9-9-22. The date that effectively ended trout season on my favorite stream right as things were heating up. Pun fully intended. The Cedar Creek fire had been growing for awhile yet the area I frequented the most over the summer was largely unaffected. Wind direction was blowing the smoke away and a few days prior to 9-9-22 I enjoyed an amazing day of fishing under bluebird skies.
So I figured this day would be similar. Forecast was calling for 100 degree temps in town and I was excited to escape into the mountains for a bit of wet wading and shade along the stream. I checked all the news outlets/road reports and forest service reports that morning and now closures or warnings were in effect. I contacted my buddy Mike and he was game to head up and give it a go. As the sun started coming up I instantly noticed the huge black cloud of smoke stretching across the sky, its origins right in the direction we were heading. We checked all sources again, still so no closures etc so off we went.
As we got closer it was starting to seem like a pretty stupid idea. The smoke was starting to build, ash was beginning to fall like snow and the sky was turning that sickly orange color. Maybe its because the new normal in Oregon is for the state to burn to the ground every summer but what should have been giant red flags didn’t detour us from continuing.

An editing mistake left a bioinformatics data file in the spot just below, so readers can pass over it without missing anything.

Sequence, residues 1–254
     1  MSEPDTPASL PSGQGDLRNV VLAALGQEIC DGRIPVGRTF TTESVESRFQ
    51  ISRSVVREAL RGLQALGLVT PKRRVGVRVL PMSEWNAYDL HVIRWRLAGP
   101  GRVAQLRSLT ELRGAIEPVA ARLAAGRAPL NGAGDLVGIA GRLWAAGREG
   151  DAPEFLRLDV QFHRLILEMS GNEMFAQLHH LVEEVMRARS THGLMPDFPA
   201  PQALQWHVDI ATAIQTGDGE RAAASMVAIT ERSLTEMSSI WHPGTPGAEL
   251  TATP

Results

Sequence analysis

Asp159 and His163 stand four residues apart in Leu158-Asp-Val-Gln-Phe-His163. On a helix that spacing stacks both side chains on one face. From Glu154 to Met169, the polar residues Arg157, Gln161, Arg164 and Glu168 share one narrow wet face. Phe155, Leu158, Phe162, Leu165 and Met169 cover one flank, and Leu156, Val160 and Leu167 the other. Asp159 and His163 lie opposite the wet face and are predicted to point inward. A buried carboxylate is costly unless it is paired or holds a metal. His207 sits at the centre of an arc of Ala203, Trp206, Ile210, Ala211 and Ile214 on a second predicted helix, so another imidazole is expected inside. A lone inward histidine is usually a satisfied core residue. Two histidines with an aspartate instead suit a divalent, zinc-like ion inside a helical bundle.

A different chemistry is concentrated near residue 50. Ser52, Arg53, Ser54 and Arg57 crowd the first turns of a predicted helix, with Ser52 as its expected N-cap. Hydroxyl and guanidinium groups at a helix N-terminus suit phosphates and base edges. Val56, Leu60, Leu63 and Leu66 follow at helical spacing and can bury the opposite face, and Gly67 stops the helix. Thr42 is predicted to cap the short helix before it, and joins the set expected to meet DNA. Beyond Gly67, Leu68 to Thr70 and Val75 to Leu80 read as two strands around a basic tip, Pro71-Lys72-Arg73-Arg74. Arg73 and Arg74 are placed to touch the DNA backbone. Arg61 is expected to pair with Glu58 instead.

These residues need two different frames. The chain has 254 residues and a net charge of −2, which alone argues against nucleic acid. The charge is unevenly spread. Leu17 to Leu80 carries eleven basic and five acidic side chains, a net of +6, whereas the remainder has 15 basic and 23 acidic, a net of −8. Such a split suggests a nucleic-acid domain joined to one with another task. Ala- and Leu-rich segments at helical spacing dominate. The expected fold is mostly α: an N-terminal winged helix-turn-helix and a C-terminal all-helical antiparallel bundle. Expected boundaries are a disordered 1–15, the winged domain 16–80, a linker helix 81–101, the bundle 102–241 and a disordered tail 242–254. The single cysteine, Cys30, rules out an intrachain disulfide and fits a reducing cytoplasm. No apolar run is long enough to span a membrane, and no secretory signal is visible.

When we got out of the car at our jumping off point I was immediately struck by how cold it was. At this time of day on a 100 degree day it should have already been in the high 70’s or 80’s but due to the heavy smoke layer it was in the low 50’s. Expecting hot temps I was in lightweight pants, river shoes and luckily had a thin hoody in the car. Once again, I was feeling like this was a really dumb idea buuuuut we were here so onward we went.
We split up and started bushwacking and boulder hopping up stream. The fishing was good with little wild native trout hitting unweighted wet flies in all the places you would expect them to. For about an hour I got locked into the trance of picking apart the pockets and working my way up stream.
An hour was all it took and I was getting pretty damn cold. At this point it was just dumping ash, it was getting uncomfortable to breath and I needed a warm up break. Mike was aways upstream but I figured he’d come to his senses soon enough as well. Upon arriving back at the car I found the note from the forest service. “Evacuate ASAP”. I instantly felt like a selfish asshole. Embarrassed that while this giant fire was raging towards peoples homes my dumb ass just had to go fishing and now very busy people with minimal resources were having to track down idiots like me to get us off the mountain. Luckily Mike was not far behind. Right as he returned to the car the Forest Service drove up, looking none to impressed and urged us to GTFO right now. We apologized and hurriedly packed up and floored down the mountain.
The area was closed immediately, and the nearest towns evacuated that day. Luckily no homes nor lives were lost in the blaze. It raged on and grew rapidly, keeping that area closed well into October. Upon returning after it reopened it was eye opening to see the burn areas and how incredibly close Mike and I were. It was an experience I wont soon forget and valuable lesson learned. It can be easy to be selfish and excited about fishing when you are passionate, but that passion should not cloud your judgment to the degree it did that day.
Moral of the story, enjoy your fishing. Just don’t be a dick about it.